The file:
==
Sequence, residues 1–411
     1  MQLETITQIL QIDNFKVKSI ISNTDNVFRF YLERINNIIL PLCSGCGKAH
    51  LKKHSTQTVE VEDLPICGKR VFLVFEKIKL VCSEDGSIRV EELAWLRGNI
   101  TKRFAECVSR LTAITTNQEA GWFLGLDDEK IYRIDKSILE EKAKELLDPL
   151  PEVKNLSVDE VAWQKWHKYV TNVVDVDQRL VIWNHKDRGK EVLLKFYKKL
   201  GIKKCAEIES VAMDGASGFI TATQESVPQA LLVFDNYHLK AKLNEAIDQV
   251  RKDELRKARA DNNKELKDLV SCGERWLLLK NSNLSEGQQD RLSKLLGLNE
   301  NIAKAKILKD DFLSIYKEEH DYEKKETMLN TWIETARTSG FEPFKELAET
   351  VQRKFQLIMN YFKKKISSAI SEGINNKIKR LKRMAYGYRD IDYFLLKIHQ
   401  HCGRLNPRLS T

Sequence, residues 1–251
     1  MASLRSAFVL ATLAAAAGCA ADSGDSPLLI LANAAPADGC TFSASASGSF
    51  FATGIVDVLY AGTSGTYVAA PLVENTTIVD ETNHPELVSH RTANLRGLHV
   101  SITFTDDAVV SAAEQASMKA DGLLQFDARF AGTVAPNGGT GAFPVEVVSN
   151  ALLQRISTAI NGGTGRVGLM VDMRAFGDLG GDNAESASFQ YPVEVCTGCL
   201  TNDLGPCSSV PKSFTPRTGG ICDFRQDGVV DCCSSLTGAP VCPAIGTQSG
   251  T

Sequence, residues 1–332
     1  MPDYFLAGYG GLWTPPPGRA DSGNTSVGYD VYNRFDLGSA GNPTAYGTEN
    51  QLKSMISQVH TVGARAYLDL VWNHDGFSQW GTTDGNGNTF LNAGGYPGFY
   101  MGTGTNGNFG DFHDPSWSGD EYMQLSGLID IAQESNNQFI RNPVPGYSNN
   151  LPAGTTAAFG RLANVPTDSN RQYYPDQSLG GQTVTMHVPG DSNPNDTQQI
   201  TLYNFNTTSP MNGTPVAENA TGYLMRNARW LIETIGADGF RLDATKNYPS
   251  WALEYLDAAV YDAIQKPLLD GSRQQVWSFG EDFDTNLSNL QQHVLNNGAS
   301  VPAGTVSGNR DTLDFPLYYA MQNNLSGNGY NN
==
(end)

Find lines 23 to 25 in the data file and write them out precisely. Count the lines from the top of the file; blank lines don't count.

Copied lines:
   201  TLYNFNTTSP MNGTPVAENA TGYLMRNARW LIETIGADGF RLDATKNYPS
   251  WALEYLDAAV YDAIQKPLLD GSRQQVWSFG EDFDTNLSNL QQHVLNNGAS
   301  VPAGTVSGNR DTLDFPLYYA MQNNLSGNGY NN